From Memory

Contact Jessica Linker, Yuri Kwon about Clothing

Clothing — the duo of Aakaash Israni (Dawn of Midi) and Ben Sterling (Cookies, Mobius Band) — announce their debut album, From Memory, out July 26th, and release the lead single “Still Point (feat. L’Rain)” with an accompanying video. Featuring contributions from Amber Coffman, Elliot Skinner, Anna Wise, and L’Rain, From Memory uses the duo’s disparate musical histories to forge a new rhythmic reality.


Clothing is the result of the long-gestating friendship and musical collaboration between Israni and Sterling, who met over a decade ago on the stoop of a Crown Heights house party and became close friends. Sterling is a born and bred New Yorker who came of age marinating in pop music, while Israni is an Indian-born, SoCal surfer who studied classical composition in France and free improvisation at CalArts. These different backgrounds and interests created a productive and surprising friction: when the two began sharing musical ideas, it turned out Israni didn’t know what a chorus was in popular music. “I had never even considered how a pop song was constructed,” says Israni. Sterling had much to learn from Israni, too—especially about the intricate Ghanaian music that inspired Dawn of Midi’s Dysnomia and that soon came to underpin the unexpected rhythms of From Memory.


Today’s new single, the rippling “Still Point (feat. L’Rain),” follows previously released numbers, the lush and angular “Kingdom feat. Amber Coffman” and “Modern Interiors,” which features Anna Wise’s dynamic vocals gliding over Clothing’s sharp, restless, electronic production, creating a complex and confounding yet pop-adjacent sound. As Sterling explains, “‘Still Point’ is a song about love and devotion, and the fear of losing those things. It is a banal, cruel fact that love is so self-evidently what life is about, yet it opens us up to visitations from the worst horrors imaginable. There are so many ways to lose something irreplaceable: breakup, serious illness, plane crash…Any time I’m reminded of this, I fill with terror: ‘It’s a long way down to the bottom now.’”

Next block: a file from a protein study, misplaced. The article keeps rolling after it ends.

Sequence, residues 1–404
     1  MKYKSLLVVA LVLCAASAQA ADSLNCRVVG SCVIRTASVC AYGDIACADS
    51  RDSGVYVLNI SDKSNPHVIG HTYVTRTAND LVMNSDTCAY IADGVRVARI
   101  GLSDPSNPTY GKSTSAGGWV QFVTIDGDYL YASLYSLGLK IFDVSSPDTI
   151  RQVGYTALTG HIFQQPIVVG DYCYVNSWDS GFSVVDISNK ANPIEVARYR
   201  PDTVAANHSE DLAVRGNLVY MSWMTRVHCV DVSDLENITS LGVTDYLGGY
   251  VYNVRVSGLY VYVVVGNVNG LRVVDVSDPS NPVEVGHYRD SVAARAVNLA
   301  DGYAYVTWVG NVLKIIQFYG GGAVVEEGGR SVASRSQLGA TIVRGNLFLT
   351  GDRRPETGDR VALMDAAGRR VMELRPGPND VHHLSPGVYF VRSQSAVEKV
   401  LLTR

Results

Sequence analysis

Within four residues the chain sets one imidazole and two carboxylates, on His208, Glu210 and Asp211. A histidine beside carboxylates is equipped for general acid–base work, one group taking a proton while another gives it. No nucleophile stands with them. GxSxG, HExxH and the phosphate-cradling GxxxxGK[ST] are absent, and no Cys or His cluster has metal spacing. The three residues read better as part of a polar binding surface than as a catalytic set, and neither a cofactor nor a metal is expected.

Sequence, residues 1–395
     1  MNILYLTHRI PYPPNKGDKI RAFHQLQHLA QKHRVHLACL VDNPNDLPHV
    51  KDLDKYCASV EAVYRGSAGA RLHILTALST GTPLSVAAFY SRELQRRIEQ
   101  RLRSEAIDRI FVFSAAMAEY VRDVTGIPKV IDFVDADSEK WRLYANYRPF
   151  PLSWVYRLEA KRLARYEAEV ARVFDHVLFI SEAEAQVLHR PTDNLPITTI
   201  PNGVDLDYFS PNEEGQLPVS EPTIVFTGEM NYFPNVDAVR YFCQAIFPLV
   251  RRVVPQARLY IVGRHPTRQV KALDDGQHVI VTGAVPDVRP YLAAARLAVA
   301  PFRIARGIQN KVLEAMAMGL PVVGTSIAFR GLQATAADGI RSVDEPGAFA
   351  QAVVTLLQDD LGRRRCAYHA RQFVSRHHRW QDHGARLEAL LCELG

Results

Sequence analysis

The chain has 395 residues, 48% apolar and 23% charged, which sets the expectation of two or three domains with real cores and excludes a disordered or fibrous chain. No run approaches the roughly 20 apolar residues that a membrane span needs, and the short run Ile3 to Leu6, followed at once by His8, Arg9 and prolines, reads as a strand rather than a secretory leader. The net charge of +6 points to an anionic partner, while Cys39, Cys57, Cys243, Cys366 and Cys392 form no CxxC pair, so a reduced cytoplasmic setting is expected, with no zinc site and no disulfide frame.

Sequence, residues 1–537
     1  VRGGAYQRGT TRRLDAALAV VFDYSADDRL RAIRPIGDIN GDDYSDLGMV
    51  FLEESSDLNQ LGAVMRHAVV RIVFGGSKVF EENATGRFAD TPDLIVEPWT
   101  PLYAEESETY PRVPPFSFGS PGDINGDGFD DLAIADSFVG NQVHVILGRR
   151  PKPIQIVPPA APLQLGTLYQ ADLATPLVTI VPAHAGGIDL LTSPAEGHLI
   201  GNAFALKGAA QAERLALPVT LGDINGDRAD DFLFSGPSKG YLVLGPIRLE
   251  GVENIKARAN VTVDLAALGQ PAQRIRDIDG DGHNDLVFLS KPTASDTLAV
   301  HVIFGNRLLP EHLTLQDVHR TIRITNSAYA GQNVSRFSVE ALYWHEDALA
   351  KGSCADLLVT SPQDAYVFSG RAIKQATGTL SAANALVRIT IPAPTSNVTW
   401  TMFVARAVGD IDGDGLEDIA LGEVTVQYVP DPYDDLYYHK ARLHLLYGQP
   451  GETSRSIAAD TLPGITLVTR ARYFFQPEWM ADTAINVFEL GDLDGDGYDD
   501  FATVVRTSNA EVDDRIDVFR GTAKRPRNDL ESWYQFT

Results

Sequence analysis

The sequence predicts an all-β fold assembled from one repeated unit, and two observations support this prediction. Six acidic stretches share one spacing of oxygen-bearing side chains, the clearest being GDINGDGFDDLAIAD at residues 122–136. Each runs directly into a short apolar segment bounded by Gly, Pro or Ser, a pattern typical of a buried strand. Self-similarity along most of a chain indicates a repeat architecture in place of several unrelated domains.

Sterling elaborates on the literal aspects of the lyric, “I go to the mountains every summer, and that acute sensation of being high up in the air and far away from everything and everyone feels similarly tenuous. You are so exposed. I was in a bad thunderstorm a few years ago that killed someone a few miles away. He was just standing under the wrong tree that day. It’s impossible to reconcile with these possibilities! The line ‘don’t be afraid in the clouds’ is a pep talk I have to give myself sometimes.”


The song’s chorus went through a few iterations and they ended up with two totally different arrangements. “Taja chose this song right away and brought so much pathos to her performance. Her wordless chorus at the end is sublime.”


On working with Israni and Sterling for From Memory, L’Rain adds: “Sometimes singing can feel overwhelming or scary, but not this time: it felt really liberating to record this music and to have Ben and Aakaash trust me to put a little bit of myself into it. I’m so grateful!”


Clothing create a particularly distinctive form of a pop music, both surprising and distantly familiar, with lyrics capturing our bizarre modernity and zeroing in on the small victories and surreal indignities of a tech-obsessed era that diminishes humanity. Greed, longing, war and transcendence swell up and disappear, and unnamed gods appear with trickster-like intentions. An undercurrent of humor permeates the acid observations.


Creating From Memory stretched out over 10 years, through the birth of children, cross country moves, and the painstaking search for the aforementioned vocal collaborators. “We learned that it’s incredibly hard to imagine a voice singing a song that it hasn’t sung yet,” says Sterling. It was like casting a dream. And though the process stretched over years, it’s hard to argue with the results from Coffman’s powerful delivery, L’Rain’s hypnotic timbre, Wise’s earthy expressivity and Skinner’s elastic tenor.